Marketplace lenders and the funds pooling their loans jumped out of the gates in January with a slew of new activity to keep investors busy.
The San Francisco-based lender Social Finance, which is planning a loan-production spree before going public, has set a new $1 billion mortgage-origination target for the year, as hopes for stronger home loan demand pick up nationwide.
The company aims to originate $1 billion in residential home loans, including nonqualified mortgages, by the end of 2015, SoFi capital markets head Paul Fielding said in an interview Monday.
SoFi Chief Executive Mike Cagney told American Banker last month that it was planning a larger initial public offering than the $200 million to $250 million it initially targeted, and that it intends to originate between $250 million and $500 million in mortgages before an IPO filing this year.
Banks are currently sending SoFi bids on a $25 million to $30 million pool of 30-year nonqualified residential mortgages that have yield-starved investors trampling over themselves to obtain. SoFi wanted to complete the sale this month, but underlying volatility in benchmark yields and a new asset-backed security offering delayed the non-QM transaction, Fielding said. Bids are "stabilized" and the firm is accepting calls from a range of investor types, with heavy interest from real estate investment trusts, their affiliates and banks, he said.
Investors are vying for exposure to these kinds of nontraditional loans, and in various formats.
A SoFi student loan securitization last week received around $900 million in orders for only $314 million in notes offered. The company refinanced $1.2 billion in student loans in 2014.
Another firm, Blue Elephant Capital Management, which sources collateral from Prosper Marketplace in San Francisco, plans in early February to sell an unrated $60 million securitization that will help Blue Elephant reduce its reliance on a credit line with Capital One, a Blue Elephant official said. The firm has also postponed the launch of a fifth peer-to-peer investment fund from Jan. 1 to April 1, in hopes of completing the bond sale, the person said.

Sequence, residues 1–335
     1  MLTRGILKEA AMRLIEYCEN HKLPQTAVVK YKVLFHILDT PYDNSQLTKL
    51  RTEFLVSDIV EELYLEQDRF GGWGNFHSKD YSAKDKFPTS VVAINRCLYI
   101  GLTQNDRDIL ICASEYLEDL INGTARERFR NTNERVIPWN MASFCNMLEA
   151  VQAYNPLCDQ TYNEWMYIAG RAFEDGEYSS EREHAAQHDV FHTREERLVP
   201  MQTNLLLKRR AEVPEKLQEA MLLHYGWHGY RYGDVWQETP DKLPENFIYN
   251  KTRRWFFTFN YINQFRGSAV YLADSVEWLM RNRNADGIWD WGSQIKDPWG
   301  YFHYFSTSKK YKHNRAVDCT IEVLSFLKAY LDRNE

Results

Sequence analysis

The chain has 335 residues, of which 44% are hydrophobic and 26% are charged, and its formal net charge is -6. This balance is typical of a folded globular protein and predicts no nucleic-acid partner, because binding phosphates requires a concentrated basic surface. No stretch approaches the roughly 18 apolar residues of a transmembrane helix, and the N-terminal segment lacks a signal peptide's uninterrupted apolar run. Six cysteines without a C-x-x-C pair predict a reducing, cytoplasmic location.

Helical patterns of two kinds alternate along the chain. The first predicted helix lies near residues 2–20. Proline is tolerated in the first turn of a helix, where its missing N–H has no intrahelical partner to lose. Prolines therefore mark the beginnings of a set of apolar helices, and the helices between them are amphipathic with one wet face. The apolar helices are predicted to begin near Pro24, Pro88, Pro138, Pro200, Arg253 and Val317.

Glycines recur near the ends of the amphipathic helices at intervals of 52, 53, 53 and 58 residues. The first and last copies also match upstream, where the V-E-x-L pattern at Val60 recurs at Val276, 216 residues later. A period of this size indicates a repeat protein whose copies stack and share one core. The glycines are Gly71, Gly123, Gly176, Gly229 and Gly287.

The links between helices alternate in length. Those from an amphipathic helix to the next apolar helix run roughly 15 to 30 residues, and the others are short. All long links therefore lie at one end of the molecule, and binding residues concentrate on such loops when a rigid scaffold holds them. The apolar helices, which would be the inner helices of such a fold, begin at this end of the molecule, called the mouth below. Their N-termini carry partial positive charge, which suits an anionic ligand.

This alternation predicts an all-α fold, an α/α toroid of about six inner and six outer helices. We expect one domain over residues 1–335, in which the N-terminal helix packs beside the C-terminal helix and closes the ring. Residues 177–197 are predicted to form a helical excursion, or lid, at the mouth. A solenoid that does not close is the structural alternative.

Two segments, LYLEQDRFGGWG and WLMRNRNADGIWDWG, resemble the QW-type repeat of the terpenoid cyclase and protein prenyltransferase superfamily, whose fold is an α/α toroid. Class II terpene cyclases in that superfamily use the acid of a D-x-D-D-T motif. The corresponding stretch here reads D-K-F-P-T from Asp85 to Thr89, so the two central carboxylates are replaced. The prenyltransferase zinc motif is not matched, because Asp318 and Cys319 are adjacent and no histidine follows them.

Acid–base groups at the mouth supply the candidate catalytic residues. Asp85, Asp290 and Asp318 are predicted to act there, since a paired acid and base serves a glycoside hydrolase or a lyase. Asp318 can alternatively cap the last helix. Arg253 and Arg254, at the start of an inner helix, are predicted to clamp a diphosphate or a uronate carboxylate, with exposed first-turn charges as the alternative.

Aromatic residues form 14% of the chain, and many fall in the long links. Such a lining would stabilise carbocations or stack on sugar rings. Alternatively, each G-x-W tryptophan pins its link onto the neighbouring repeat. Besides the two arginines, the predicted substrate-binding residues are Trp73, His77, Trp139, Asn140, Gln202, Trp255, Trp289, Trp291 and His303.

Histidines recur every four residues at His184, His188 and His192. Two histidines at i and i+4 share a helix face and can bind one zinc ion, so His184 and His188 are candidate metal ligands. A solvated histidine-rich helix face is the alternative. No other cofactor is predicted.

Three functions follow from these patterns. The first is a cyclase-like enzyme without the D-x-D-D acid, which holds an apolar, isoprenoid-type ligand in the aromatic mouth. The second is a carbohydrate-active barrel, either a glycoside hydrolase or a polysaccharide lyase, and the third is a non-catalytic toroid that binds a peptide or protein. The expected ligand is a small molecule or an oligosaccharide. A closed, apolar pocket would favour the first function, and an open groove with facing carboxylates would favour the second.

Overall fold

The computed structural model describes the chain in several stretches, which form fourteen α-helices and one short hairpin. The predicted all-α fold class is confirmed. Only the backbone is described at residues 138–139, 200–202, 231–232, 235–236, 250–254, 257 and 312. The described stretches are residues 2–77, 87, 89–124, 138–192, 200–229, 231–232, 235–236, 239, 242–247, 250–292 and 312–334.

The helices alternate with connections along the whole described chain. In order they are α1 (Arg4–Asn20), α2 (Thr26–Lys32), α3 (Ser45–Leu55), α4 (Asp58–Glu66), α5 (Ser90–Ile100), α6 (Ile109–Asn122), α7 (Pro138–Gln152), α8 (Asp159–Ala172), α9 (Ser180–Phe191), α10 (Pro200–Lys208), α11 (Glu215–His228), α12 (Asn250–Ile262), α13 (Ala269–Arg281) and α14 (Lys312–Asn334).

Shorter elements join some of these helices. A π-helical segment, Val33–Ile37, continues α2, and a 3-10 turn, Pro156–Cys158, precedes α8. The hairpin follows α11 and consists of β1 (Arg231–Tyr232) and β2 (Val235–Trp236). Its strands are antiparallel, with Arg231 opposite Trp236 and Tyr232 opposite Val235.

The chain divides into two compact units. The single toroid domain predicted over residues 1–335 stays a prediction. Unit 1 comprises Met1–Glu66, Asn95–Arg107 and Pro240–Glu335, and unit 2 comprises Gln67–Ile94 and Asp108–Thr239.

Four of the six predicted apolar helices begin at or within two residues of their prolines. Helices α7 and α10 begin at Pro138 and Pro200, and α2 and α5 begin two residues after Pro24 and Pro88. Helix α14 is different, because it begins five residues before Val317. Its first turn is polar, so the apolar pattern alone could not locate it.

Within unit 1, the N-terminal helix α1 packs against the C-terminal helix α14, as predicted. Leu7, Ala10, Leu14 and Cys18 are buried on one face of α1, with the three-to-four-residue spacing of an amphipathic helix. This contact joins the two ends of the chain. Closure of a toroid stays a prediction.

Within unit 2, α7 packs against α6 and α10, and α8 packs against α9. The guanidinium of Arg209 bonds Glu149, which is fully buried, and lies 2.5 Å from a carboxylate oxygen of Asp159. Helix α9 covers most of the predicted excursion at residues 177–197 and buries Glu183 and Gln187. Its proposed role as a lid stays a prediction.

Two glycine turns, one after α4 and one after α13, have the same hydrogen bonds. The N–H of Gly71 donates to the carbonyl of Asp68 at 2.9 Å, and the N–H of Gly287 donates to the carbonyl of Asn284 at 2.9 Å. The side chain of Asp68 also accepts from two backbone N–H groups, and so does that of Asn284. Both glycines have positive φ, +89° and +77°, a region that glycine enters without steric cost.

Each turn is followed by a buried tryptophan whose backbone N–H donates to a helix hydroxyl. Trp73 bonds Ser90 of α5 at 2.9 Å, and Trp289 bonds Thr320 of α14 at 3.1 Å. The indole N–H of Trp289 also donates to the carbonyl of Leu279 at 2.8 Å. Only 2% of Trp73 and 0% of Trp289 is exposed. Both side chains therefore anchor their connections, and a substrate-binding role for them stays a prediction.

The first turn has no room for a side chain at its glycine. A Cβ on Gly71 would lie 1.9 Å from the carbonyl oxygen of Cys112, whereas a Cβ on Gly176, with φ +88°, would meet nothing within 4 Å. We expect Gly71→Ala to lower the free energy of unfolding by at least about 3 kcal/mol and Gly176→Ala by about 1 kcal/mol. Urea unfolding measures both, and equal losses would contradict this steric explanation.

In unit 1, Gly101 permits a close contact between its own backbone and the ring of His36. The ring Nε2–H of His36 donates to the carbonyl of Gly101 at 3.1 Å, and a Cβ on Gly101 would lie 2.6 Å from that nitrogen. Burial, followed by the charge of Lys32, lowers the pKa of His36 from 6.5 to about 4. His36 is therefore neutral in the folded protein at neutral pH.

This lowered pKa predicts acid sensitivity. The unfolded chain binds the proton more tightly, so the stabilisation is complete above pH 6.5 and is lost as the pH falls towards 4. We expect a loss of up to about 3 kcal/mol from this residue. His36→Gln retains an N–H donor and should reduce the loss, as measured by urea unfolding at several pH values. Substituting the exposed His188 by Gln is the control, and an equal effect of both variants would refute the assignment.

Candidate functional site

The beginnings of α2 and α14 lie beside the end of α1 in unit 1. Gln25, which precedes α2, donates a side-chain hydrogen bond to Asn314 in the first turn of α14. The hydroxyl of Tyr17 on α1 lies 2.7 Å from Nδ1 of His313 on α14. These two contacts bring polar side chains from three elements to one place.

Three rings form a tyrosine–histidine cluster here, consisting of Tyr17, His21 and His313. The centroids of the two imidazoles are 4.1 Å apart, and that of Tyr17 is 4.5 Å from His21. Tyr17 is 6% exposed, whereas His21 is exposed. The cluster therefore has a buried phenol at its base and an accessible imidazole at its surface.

Some investors have for several months expected BlackRock to sell a marketplace loan securitization as well, but they say it has not happened.
The small-business-marketplace lender Funding Circle, which makes loans in the U.S. and U.K., also has new investor commitments. It just signed a purchase agreement worth 132 pounds sterling ($200 million) with New York-based KLS Diversified Asset Management, according to Albert Periu, director of capital markets at Funding Circle.
Funding Circle expects $250 million in U.S. loan originations this year, and KLS has agreed to buy a percentage of multiple loan products made in the U.S. and the U.K., he said, without elaborating on the transaction terms.
The deal may be a big one. Other Funding Circle investors, on average, have committed $50 million to $100 million over a two-year period, Periu said.
A spokeswoman for Funding Circle said the company announced the agreement in the U.K., but not in the U.S; she did not reply when asked to elaborate on that decision. A senior structured-products investor at KLS in New York did not immediately respond to a request for comment on the agreement.
Funding Circle this week also launched a one-year loan with rates near 5.99%. That product is meant to attract higher-risk investors like hedge funds. Unlike some of its peers, Funding Circle has no credit lines and is not yet large enough to securitize its portfolio, Periu said.
LendingClub, the largest direct marketplace lender, which went public in December, has propelled SoFi and other alternative consumer lenders to seek public offering.
Some analysts believe the stock of San Francisco-based LendingClub is currently overvalued. Compass Point Research & Trading recommends a sell position and holds an $18 price target on the shares, which traded at $20.43 as of midafternoon Wednesday down from the $27.90 high that the stock hit in its first month of trading.
Analysts expect these lenders, which tend to specialize in relatively small credits, to loosen their underwriting over time to make more loans. Through the first nine months last year, LendingClub originated $1.1 billion in loans, which was more than 5 times more than in the same period a year earlier.
Prosper, the largest originator after LendingClub but just one-third its size, made $1.6 billion in loans last year. Prosper has sustained accelerated growth by increasing its average loan size by about 55% since January 2013. The company announced this week plans to buy medical loan provider American Healthcare Lending.